- Examples: Leads that said they had $0 - $60,000 in annual processing volume did 42% worse than average. Those with $60,000 - $250,000 did 74% better.
- IP Country: The country the lead is in based on their IP address.
- Examples: Leads from Israel performed 507% better than expected, whereas leads from France performed 37% worse.
If a new lead came in, we would automatically look at the four factors above and allocate points based on the factors. We then scored out all of those attributes to see how the model was actually performing.
In the chart above, as you move in the far left column from a negative lead score to a lead score of 300 and up, the chart in the far right column should move from red (-100% efficacy) to green (100%+) linearly—that movement would mean the lead scoring was working perfectly. Leads with a higher score would all be turning into opportunities at a higher rate than the bracket lower than them. As you can see in the graph, that’s not the case. At the higher numbers especially, the model falls apart.
Henry’s Model Vs. HubSpot’s Model
In the chart below you can see the results from using HubSpot’s predictive lead scoring. This tool automatically calculates a score from 0-100 based on a model that HubSpot’s AI builds.
HubSpot automatically looked at ten attributes in each of six categories (email engagement, social engagement, spam, demographic information, behavior, and company information) to determine their scoring. The images below explain how some of these attributes were assigned points.
As you can see in the chart, HubSpot’s score was perfectly linear and beat Henry’s custom built scoring system. All leads with predictive scores of 0 - 75 turn into opportunities less frequently than you'd expect, and all leads with a predictive score of 76 - 100 turn into opportunities more frequently than you expect.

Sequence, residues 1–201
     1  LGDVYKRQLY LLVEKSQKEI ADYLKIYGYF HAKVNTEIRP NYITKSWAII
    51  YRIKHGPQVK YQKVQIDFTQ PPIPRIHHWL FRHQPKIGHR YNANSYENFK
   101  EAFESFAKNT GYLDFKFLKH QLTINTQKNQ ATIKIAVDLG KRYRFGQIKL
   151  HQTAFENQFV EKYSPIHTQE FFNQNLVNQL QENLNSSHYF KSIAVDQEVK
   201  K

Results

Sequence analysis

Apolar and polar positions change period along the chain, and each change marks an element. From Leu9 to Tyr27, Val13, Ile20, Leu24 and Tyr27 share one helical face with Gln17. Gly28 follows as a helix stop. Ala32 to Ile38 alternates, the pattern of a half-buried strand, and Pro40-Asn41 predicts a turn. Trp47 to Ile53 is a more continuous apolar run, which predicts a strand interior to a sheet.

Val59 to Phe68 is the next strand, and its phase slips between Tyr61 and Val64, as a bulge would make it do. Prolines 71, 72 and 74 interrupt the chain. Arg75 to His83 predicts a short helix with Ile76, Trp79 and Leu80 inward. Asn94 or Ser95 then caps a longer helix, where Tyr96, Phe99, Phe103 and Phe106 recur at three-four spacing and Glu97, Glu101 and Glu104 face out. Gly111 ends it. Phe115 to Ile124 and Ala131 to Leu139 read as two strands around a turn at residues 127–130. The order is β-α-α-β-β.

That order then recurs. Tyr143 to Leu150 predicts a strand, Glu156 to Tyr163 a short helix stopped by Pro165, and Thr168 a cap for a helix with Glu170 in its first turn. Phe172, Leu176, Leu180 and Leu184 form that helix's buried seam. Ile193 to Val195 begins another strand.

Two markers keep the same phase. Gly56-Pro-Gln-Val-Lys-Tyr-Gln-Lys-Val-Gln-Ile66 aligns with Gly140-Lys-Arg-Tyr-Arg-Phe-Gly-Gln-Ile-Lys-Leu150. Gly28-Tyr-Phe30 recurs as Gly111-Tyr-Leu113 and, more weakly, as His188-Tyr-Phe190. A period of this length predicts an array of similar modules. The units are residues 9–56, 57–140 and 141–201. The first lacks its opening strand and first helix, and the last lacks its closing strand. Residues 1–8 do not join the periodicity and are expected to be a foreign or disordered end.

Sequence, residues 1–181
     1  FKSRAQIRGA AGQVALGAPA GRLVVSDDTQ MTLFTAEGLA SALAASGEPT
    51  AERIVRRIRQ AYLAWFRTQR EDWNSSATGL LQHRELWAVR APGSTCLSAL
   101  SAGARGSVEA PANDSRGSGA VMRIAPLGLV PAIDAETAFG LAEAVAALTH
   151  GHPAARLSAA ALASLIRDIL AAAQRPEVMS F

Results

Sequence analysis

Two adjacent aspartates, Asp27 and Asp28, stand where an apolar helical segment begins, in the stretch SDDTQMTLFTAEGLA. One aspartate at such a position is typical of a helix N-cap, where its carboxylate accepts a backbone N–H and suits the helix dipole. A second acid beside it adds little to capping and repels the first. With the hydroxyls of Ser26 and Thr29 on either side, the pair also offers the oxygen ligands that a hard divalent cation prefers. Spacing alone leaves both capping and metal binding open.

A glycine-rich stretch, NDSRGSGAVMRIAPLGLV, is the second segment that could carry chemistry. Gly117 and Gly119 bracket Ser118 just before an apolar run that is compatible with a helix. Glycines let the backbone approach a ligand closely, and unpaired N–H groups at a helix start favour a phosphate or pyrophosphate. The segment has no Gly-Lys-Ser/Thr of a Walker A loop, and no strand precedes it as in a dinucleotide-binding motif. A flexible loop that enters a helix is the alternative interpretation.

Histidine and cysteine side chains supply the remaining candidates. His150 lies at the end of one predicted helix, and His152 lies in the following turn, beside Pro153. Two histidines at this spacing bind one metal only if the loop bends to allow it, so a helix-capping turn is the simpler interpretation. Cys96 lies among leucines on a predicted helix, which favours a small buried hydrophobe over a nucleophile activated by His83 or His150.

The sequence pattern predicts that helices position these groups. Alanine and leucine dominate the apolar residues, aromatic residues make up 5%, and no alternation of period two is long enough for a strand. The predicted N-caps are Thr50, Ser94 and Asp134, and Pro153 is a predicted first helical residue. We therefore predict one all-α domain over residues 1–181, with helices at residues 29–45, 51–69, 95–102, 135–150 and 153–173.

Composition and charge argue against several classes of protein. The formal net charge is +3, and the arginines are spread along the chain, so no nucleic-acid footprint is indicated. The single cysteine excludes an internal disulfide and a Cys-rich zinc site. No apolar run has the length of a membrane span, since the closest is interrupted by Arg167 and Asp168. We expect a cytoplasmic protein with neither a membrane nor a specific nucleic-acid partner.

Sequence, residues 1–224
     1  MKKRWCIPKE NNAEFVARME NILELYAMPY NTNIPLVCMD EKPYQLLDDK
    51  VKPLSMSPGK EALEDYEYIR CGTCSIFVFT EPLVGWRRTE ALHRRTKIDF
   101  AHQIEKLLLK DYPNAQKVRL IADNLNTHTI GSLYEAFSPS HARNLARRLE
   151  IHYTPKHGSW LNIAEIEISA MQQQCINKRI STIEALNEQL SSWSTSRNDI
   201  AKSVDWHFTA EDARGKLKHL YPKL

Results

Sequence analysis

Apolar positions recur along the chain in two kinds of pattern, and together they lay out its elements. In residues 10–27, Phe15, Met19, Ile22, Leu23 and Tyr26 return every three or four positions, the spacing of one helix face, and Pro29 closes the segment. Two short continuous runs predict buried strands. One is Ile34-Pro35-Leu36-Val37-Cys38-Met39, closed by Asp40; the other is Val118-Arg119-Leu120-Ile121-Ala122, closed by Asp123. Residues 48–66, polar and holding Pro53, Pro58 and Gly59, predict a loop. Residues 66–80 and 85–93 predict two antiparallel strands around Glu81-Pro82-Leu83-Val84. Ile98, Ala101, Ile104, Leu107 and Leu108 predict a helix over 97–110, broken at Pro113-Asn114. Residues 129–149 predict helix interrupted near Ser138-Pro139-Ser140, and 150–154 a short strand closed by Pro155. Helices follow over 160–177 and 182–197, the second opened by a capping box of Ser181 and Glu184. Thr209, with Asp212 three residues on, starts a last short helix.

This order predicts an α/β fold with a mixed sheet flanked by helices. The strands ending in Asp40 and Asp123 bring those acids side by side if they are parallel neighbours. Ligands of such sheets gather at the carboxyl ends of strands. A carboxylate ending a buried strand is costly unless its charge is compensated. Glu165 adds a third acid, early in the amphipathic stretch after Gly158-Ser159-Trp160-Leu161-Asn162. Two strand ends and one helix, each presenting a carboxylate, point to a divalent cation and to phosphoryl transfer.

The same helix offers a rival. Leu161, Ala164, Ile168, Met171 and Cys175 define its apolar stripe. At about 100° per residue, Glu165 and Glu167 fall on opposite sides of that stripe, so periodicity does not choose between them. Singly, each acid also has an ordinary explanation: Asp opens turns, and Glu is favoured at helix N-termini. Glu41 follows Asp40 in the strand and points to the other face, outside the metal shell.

HubSpot’s predictive lead scoring works, and we recommend incorporating this tool into your lead scoring system. If you have HubSpot Enterprise, put more trust in it than you think you should. Set it up and have the predictive scoring model do the work for you—Henry spent a ton of time doing this on his own, but he still didn’t do as good of a job as the HubSpot robots did.
There are two ways to go from here:
- If you have manual scoring set up, add in predictive scoring as another factor.
For example: In your manual lead scoring screen, you can “Add a new set” to give zero points to a predictive lead score between 0-25, and give 100 points to a predictive lead score between 75-100. By doing this, you’re introducing the value of predictive lead scoring into your manual lead scoring as a piece of the puzzle, not the entire puzzle.
- If you don’t have either but are thinking about doing lead scoring, use predictive right away. Don’t waste time trying to build out your own lead scoring model.
Trust the robots.
In this case, the robots won. You should consider using predictive lead scoring in HubSpot—it will save you a ton of time and do a better job than what you’re building out yourself. It isn’t always the case, but it does sometimes make more sense to go with a product that’s already been designed for you.